• Keep supplies and parts in a central place, not scattered. This will enable you to monitor what’s available, what should be ordered, and what may be disappearing because of pilferage.
• Balance the inventory to take advantage of quantity discounts and, at the same time, avoid having too much on hand. Some chemical sup plies may deteriorate with time, so it doesn’t always pay to buy in large quantities.
• Buying in bulk lots discourages theft. Paint in small containers disappears especially fast. Instead of buying it in one-gallon cans, buy it in containers of five gallons or more. Long-lasting chemicals can be purchased in bulk quantities and dispensed into smaller containers.
• Avoid aerosol sprays. Apart from environmental considerations they’re expensive and easy to steal. You can usually buy the same chemicals less expensively in other forms.
• Anticipate needs and schedule purchases so that orders are placed as seldom as possible. Group orders and arrange for a single delivery instead of having your staff waste time making individual trips to the hardware store. If such trips are necessary, limit them to twice a month.
• All orders should be authorized and signed only by the manager or assistant manager. This reduces the chances of the staff buying too much, buying what isn’t needed, buying personal items, and getting kickbacks from suppliers.
Maintenance Equipment and Major
A complete inventory should be made of all maintenance tools owned by the property, noting the specific location for each item. If an article is as signed to a particular person, list this, too. Tools and equipment also require regular maintenance; this should be scheduled during the off-season when they are not in heavy use and when you can get good service at fair prices.
To reduce pilferage, consider painting equipment a special color or applying a distinctive marking so it can be identified readily and is no longer salable or worth stealing. Proper storage under lock and key will reduce theft, if not eliminate it. Only the manager and the head of maintenance should have these keys.
GETTING THE RIGHT START
Many managers who attend seminars on property maintenance come away fired up with enthusiasm and the determination to set things right at their properties, but their enthusiasm soon wanes and the maintenance pro gram bogs down. Why? Because in most cases, the manager attacks problems all at once. This seldom works. There are just too many tasks for the staff to accomplish at one time. Resistance builds up, discouragement sets in, and it’s back to business as usual.
Programmed maintenance can work, f each task is divided into manageable segments and each is finished completely before proceeding to the next. Consider this approach: Take a site plan of your property (or a building plan if you have only a single building) and divide it into areas or Zones. Label them A,B,C, etc.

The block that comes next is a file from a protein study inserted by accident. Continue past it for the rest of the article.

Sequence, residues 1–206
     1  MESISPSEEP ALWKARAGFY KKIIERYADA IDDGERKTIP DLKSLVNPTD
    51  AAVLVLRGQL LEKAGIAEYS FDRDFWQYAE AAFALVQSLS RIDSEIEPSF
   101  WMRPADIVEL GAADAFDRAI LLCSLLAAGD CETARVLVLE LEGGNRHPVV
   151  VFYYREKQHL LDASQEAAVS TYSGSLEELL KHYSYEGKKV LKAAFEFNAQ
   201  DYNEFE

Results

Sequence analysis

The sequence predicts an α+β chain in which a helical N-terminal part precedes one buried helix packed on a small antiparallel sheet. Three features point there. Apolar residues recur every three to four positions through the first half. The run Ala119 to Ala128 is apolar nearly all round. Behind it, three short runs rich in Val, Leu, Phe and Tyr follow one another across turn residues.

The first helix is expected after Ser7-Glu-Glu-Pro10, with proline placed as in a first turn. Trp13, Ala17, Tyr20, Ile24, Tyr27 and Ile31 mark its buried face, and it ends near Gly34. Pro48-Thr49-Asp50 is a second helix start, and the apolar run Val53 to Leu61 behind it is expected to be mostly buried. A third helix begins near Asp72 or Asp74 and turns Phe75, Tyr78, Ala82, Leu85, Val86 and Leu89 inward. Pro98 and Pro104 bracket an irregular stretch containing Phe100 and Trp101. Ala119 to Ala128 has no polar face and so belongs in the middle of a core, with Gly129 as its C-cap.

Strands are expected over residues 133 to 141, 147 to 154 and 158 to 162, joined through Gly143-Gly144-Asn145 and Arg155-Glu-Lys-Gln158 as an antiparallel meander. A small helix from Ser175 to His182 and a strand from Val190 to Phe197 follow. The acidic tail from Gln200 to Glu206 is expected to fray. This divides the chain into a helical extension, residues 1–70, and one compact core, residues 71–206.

First consider area A. List everything that needs to be done to make area A first-rate. Determine the equipment and staff needed. Gather the staff together and explain what needs to be done in area A. Give each per son a calendar and a list of specific tasks. Don’t simply say, “Maintain it.”
Instead, give detailed instructions: “Once every two weeks the grille must be removed; the filter taken out, washed and replaced; and the grille re placed.” That’s an instruction few could misunderstand. Then put the crew to work on area A. Watch them as they work. When they do something right, tell them so. If they do something wrong, correct them. Evaluate the work as they go along. While there may be a supervisor in charge, you must be involved so the supervisor knows what is expected. Work together to set standards of quality, establish schedules, and determine if other tools are needed.
When area A is in first-class condition, then, and only then, proceed to area B. Meanwhile, set up a continuing maintenance program for area A so it won’t slip again. Proceed through the entire building or development in this way, item by item. By the time you are finished, the entire property will be in top condition, and you will have a self-sustaining maintenance program.
This kind of program is only possible if you, the manager, do a thorough job of scheduling, supervising, and evaluating. By doing your home work, you know what has to be done and when, how many people are needed, what kind of supervision is required, and what tools and equipment must be provided. Finally, regular inspections provide the feedback needed to evaluate your system and make corrections.
If you think all of this will cost extra money, think again. As we’ve noted, an ongoing product preparation and maintenance program costs less than one based on crisis management. Experience proves there is little or no difference between the cost of operating a first-class development and a run-of-the-mill one. The difference is in daily attention and supervision.There is also a significant difference in occupancy and turnover rates. A better-maintained property will attract desirable residents faster and keep them longer than a run-down property will. A difference like this makes a lot of sense to the manager who wants to see net operating in come at its maximum level.